Once Ram Lalla is born, Madhukar and his rani wave a ‘murchal’, a sort of whisk in slow, pampering motions around the infant.
Some friends are puzzled that I celebrated Ram’s birth on Ram Navami earlier this month in the most magnificent Ram temple in Ayodhya. In the imagination of my friends, the Ram Janmabhoomi-Babri Masjid is a collective rubble pending a Supreme Court verdict. So, in which temple did these splendid ceremonies take place?
In the late 19th century, moved by benign Hindu piety, the rulers of Orchha in Bundelkhand built the Kanak Bhawan Mandir on hallowed ground associated with Lord Ram. Following an over 200-year-old family tradition, Madhukar Shah, scion of the Orchha royalty, and his “rani” personally supervise the affairs of Ayodhya’s largest mandir. This Ram Navami was no different.
I have seldom seen Lord Ram’s city so bereft of political presence. The old colonial bungalow refurbished as Faizabad’s Circuit House looks like a spruced-up haunted haven. Cooks, bearers, housekeepers, in white, appear at one end and shuffle past with no apparent work in hand. It is almost spooky.
Cross into Ayodhya and throngs of devotees chanting Jai Siya Ram choke the lanes. Milling crowds climb the wide staircase of the Kanak Bhawan Ram temple. Chanting devotees come in waves, their hands uplifted in reverence, eyes focused on the jharokha or balcony beyond which the aarti begins at 11 am in preparation for the Lord’s birth at noon. But even at noon, there is no frenzy, just chants of reverence accompanied by a surge towards the balcony for a closer experience of the moment of birth.
I do not know how purists will take this report but my wife and I are rather proud that we had more than a ringside seat, virtually within whispering distance of the birthing suite where Ram was born. The pujari with a “thal”, or plate of lamps, makes circles around the imaginary bed. The lights flicker on the gold silk and taffeta, neatly folded in Ram’s and Sita’s wardrobes lining the walls all around us. Once Ram Lalla is born, Madhukar and his rani wave a “murchal” a sort of whisk in slow, pampering motions around the infant. It is as close to Christ’s Nativity scene as I have experienced. Remarkably, it all happens in the imagination. It is hard to visualise larger crowds, steeped in such unadulterated reverence. Pardon the thought, but is there a need for a parallel temple of contention which will only neutralise the good natured atmospherics in this magnificent mandir?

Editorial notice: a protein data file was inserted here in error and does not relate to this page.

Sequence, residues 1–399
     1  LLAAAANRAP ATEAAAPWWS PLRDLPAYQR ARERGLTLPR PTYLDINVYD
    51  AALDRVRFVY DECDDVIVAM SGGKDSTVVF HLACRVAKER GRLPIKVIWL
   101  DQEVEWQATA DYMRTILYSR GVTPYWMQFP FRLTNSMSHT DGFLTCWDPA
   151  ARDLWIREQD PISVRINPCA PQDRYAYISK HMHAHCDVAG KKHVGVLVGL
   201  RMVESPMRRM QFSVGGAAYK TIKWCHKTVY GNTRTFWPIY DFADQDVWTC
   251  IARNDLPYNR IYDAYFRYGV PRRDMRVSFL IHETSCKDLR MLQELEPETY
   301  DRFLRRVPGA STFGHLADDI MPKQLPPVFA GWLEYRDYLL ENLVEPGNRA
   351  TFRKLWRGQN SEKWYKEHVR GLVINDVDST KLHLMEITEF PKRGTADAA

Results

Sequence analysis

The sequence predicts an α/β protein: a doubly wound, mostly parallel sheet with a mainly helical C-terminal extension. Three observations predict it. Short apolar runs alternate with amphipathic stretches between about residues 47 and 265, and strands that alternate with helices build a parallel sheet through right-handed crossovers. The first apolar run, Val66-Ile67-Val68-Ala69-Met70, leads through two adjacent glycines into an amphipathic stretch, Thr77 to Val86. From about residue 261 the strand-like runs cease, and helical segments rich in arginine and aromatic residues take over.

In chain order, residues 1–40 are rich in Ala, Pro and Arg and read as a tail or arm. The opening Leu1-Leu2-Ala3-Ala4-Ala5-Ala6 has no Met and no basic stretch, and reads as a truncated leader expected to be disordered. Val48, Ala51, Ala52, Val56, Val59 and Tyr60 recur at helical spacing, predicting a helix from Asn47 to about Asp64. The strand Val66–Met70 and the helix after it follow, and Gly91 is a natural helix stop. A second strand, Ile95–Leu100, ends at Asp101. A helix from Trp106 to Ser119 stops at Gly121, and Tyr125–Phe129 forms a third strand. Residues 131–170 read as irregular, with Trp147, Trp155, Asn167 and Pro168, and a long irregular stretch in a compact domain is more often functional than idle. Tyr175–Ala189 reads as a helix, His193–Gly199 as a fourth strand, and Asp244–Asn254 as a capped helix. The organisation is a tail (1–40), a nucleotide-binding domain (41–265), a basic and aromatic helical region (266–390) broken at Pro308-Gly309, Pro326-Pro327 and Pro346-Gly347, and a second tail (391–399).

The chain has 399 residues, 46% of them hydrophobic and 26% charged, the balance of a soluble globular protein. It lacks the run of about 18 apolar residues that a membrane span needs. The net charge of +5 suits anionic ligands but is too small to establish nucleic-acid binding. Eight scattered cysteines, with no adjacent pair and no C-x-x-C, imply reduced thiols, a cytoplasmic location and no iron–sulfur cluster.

Our visit was a function of both: my passionate pursuit of the multicultural and Madhukar’s profound hospitality. The red and yellow thread the priest tied on my wrist was, in its minutest detail, similar to what my mother did to visitors of diverse faiths who visited our village home during Muharram. In fact, even the Imambara, where a replica of Imam Hussain’s tomb in Karbala is kept, was not very dissimilar to the sanctum sanctorum — all peculiarly Indian.
Mosques, of course, are different. There is a great deal in common between the Jama Masjid, the Blue Mosque or the Shah Abbas mosque in Delhi, Istanbul and Isfahan respectively. But these mosques, in their distinct grandeur, are marvels of architecture. The Babri Masjid was by no stretch of the imagination a great work of architecture. In August 1989, when I visited Ayodhya and saw the Babri Masjid, the nearby shilanyas or temple bricklaying ceremony was a distressing scene, custom made for conflict. I have since found myself on the same wavelength as the moderate cleric, Maulana Kalbe Sadiq. Since his cancer has galloped to its last stages, what the maulana says is virtually his last will and testament: “A Muslim can spread his prayer mat anywhere, facing the Ka’aba, and say his prayers; a Hindu consecrates the idol forever.”
According to him, if Muslims win the Ayodhya case in the Supreme Court, they should make a gift of the land for construction of the temple, “The gesture will electrify the Hindu masses; communal politics will be defeated.”
The soft, reverential tones of the ceremonies at the Ram temple are such a welcome relief from the warlike atmosphere of intrigue and deception that we witnessed during the shilanyas 30 years ago.
I can never forget the harassed face of the district magistrate of Faizabad, Ram Sharan Srivastava, under instructions to implement the underhand, duplicitous order handed over to him by the Congress high command — Rajiv Gandhi, Arun Nehru and Narayan Datt Tiwari.
The situation was this: the Allahabad high court had stayed any bricklaying on “disputed” land. But Ashok Singhal of the Vishwa Hindu Parishad threatened “rivers of blood” if the shilanyas were not held where the VHP wanted it. The district magistrate was instructed to accede to Singhal’s demand “confidentially”. In other words, bricklaying would be allowed clandestinely on disputed land. Singhal had agreed to keep this secret. But the Congress had to score brownie points: it announced that the bricklaying ceremony was allowed only on land which was “not disputed”. No sooner was the handout issued than Singhal, not to be upstaged, also held a press conference. “We have laid the foundation stone at exactly the place within our construction plan.” The Congress doublecrossed the people; Singhal doublecrossed the Congress — and all this in the name of Maryada Purushottam, the Perfect Man.
I removed this nightmare from my mind and left the sanctum sanctorum remembering Allama Iqbal’s couplet:
“Hai Ram ke wajood pe Hindostaan ko naz/ Ehle nazar samajhte hain usko Imam e Hind.” (Ram is Hindustan’s pride. Men of vision consider him the Imam of Hindustan.)
Also, that pujari who walked past our house in Lucknow every morning, a wide smile on his face like he were blessing the world: Kahu kahu maa? magan/ Kahu kahu maa? magan/ Hum apne Ram Ram jape maa? magan/ Jaa se laagi hai lagan. (People have their own founts of bliss. Mine is chanting Rama, who occupies the space in my heart.)